Former Seattle police chief and Law Enforcement Against Prohibition (LEAP) activist Dr. Norm Stamper toured Australia in October, debuting at the Festival of Dangerous Ideas in Sydney on October 4, where he spoke on the proposition that “all forms of drug use should be made legal”. He continued with this dangerous theme during his month-long tour, speaking to 60 different meetings in five cities – Sydney, Melbourne, Perth Brisbane and Canberra – addressing senior police, politicians, health workers and Rotarians. The tour ended with an address to the Parliamentary Group for Drug Law Reform at the Commonwealth Parliament House on the October 27.
According to Stamper, drug policy in the Americas is on the cusp of major reform as countries in Central and South America began to break away from the US prohibition model, threatening even the US homeland in a domino effect as drug law reform spread across the western hemisphere. In Mexico, Argentina and Columbia personal drug use has been decriminalized. “Ecuador and Brazil are poised to do the same. If other countries in Latin America lead the way, perhaps my country will follow, a fascinating concept.”
When Mexico recently decriminalized drugs, Dr. Stamper noted that US President Barack Obama did not call Mexico, as George Bush did to prevent a previous Mexican initiative. “That’s an extraordinary advance for us. The US respecting the sovereignty of a foreign government.”
Dr. Stamper’s tour reinvigorated debate on drug law reform in Australia; blighted during Prime Minister John Howard’s years with his “Tough on Drugs” policy and the ferocious support for this policy from Rupert Murdoch’s newspapers (70% of Australian newspapers are owned by Murdoch).
Former Australian Capital Territory (ACT) health minister and advocate of drug law reform, Michael Moore, credits Dr. Stamper with reopening the drug policy debate in Australia. In the 1990s, Michael Moore was on the forefront of drug law reform with the ACT government pushing for a scientific trial of medically prescribed heroin to users. Frightened that this would ‘send the wrong message’, the US applied economic, diplomatic and political pressure to stop the heroin trial. The Drug Warriors were afraid of Australia joining the Netherlands and Switzerland in conducting radical drug experiments that would undermine the system of prohibition worldwide.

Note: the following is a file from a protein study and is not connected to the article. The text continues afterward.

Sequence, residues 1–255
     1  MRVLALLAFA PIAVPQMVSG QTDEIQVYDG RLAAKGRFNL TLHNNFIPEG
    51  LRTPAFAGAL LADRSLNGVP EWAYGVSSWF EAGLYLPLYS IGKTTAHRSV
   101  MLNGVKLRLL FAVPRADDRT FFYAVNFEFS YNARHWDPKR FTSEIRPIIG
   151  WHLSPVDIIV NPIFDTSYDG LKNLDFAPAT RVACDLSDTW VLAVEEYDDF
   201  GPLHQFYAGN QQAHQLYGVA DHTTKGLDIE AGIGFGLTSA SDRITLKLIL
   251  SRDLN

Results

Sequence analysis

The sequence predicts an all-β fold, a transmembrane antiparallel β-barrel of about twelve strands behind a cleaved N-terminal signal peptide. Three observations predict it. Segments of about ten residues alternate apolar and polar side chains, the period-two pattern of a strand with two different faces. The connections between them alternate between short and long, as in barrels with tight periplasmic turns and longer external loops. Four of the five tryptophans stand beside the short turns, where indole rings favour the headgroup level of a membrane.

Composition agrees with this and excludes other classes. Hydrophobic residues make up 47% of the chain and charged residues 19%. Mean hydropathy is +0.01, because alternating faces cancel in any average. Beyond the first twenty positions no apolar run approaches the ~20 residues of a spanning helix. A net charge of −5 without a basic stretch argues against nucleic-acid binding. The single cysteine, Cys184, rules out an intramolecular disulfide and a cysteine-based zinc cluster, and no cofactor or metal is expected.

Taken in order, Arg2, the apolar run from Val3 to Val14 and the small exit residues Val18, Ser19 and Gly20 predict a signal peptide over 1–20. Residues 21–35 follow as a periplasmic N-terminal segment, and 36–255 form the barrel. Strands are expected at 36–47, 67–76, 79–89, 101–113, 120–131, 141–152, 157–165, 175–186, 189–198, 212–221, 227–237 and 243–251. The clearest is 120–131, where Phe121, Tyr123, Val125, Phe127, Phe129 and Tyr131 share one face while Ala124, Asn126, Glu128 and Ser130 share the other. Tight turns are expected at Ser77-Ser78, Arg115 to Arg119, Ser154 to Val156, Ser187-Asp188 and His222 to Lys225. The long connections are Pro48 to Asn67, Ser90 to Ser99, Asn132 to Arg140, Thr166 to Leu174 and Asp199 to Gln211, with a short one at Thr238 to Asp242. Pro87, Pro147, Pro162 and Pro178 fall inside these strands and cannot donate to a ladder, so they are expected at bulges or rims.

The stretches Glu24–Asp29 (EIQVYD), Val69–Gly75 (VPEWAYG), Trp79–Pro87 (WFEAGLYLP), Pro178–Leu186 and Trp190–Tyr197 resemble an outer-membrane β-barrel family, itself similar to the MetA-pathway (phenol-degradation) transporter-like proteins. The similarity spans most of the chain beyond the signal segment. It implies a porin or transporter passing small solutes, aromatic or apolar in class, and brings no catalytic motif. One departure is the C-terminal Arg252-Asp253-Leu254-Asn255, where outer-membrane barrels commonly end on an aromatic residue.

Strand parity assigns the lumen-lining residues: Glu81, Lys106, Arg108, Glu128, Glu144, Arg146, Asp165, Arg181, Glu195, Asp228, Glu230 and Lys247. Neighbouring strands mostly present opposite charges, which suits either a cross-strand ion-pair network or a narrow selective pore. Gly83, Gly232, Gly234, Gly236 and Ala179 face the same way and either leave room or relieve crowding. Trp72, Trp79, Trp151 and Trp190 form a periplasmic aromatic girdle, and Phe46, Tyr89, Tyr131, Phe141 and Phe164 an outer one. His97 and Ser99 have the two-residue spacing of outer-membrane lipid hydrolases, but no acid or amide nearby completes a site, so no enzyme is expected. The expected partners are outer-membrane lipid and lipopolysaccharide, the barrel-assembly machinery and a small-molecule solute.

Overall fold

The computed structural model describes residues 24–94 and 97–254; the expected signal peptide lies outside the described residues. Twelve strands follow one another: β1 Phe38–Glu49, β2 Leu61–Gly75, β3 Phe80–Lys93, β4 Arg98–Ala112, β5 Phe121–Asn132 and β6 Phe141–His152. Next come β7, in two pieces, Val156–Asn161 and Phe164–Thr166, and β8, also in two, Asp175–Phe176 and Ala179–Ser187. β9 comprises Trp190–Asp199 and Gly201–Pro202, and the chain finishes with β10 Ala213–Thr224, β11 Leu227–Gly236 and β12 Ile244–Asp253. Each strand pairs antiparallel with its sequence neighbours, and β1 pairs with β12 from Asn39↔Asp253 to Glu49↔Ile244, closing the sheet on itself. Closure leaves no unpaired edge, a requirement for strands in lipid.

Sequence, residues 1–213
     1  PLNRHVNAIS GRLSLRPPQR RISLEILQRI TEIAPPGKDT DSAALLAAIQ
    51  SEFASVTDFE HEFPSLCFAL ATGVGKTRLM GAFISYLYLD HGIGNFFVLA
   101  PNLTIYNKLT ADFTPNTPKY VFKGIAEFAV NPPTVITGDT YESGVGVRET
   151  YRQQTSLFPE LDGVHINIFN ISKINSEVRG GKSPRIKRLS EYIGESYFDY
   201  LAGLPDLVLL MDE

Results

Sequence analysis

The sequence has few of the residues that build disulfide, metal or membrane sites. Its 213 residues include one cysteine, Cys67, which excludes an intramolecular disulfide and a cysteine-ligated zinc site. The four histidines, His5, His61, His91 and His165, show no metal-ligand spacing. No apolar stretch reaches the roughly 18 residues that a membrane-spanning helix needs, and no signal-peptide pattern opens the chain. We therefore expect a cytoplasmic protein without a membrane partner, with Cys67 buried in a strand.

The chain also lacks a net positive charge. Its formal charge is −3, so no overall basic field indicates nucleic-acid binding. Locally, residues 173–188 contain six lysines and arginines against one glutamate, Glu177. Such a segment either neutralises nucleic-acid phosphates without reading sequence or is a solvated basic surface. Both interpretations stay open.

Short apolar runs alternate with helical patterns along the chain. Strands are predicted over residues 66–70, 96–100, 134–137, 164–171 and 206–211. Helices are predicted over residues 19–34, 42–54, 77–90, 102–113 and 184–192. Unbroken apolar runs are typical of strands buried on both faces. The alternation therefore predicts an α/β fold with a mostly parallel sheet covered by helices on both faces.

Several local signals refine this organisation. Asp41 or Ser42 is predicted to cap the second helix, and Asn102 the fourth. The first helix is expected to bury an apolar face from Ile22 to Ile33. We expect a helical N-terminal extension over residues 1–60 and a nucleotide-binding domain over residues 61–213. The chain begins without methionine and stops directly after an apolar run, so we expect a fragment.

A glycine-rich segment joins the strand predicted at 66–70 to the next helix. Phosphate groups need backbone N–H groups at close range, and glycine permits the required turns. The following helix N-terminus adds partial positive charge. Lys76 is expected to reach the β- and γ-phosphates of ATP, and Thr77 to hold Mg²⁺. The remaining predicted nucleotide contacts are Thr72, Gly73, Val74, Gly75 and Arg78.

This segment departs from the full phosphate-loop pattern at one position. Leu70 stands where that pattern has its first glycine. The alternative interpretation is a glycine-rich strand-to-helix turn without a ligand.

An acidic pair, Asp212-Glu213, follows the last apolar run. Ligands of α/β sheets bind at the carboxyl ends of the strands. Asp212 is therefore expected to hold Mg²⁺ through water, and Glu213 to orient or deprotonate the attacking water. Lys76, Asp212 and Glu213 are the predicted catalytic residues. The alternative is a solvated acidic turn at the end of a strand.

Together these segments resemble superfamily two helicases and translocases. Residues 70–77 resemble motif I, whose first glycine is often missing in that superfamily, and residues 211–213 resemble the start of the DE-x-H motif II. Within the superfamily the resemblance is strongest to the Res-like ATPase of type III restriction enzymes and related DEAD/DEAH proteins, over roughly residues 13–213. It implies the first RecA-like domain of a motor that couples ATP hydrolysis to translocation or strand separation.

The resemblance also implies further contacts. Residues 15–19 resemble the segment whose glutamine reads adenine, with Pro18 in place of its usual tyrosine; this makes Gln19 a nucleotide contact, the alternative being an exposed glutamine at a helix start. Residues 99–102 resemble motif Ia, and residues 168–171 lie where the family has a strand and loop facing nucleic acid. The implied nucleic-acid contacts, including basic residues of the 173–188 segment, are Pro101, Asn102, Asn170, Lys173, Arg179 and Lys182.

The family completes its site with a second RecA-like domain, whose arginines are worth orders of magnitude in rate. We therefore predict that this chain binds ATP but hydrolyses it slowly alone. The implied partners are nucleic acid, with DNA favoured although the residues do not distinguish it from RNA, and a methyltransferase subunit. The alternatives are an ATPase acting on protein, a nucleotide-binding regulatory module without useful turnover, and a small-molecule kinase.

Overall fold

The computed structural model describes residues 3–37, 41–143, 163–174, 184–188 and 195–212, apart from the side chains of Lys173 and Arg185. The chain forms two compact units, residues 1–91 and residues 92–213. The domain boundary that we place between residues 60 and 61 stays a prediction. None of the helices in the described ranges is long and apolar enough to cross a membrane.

At the height of the heroin trial controversy, US citizen Rupert Murdoch’s vast Australian newspaper empire came down on the trial like a tabloid jackboot. Professor Bob Douglas, the man who developed the ACT trial, accused the Murdoch-owned Daily Telegraph of ‘twisting and distorting’ the trial with a ‘sustained press campaign’. In a textbook illustration of the way support for harsh new drug laws is manufactured by creating folk devils and moral panics, heroin users were demonized as junkies living in a “heroin hell of their own making”. The Daily Telegraph urged Prime Minister Howard to oppose the ‘wickedness’ of the heroin trial. In this way, consent was contrived for Howard’s introduction of “Tough on Drugs”, an unimaginative capitulation to US policy that has blighted Australian drugs policy ever since.
Michael Moore remembers Murdoch’s campaign with bitterness: “I still have twenty to thirty articles from the Daily Telegraph complaining not just about the heroin trial but attacking people who used drugs. It was appalling,” he said. Now the chief officer of the Public Health Association of Australia, Moore is pleased to see the green shoots of drug law reform re-emerging after the wasteland of the Howard years.
He sees the heroin trial as a reminder that the danger of pushing too hard is that you can lose and undo the good that has already been done. “For the past ten years (the Howard years) we have been struggling to maintain significant harm-reduction initiatives like needle exchanges and the safe injecting rooms.”
Moore would like to see the reintroduction of the proposed heroin trial, but he does not see Australia taking the lead on drug policy again. “The current Prime Minister (Kevin Rudd) would not be described as a social progressive by many people. Change under Labor will be evolutionary not revolutionary.”
The man whose proposed scientific heroin trial once threatened the US system of prohibition is far more circumspect these days and sees a more limited Australian role.
“The Spanish- and Portuguese-speaking countries realize the enormous damage that the War on Drugs is doing to their communities and they are leading reform,” he said. “Change will occur in the US and Australia will follow.”
Dr John Jiggens is a writer and journalist who has published several books including The killer cop and the murder of Donald Mackay, Marijuana Australiana, The Sydney Connection and, with Jack Herer, the Australian version of The Emperor Wears No Clothes.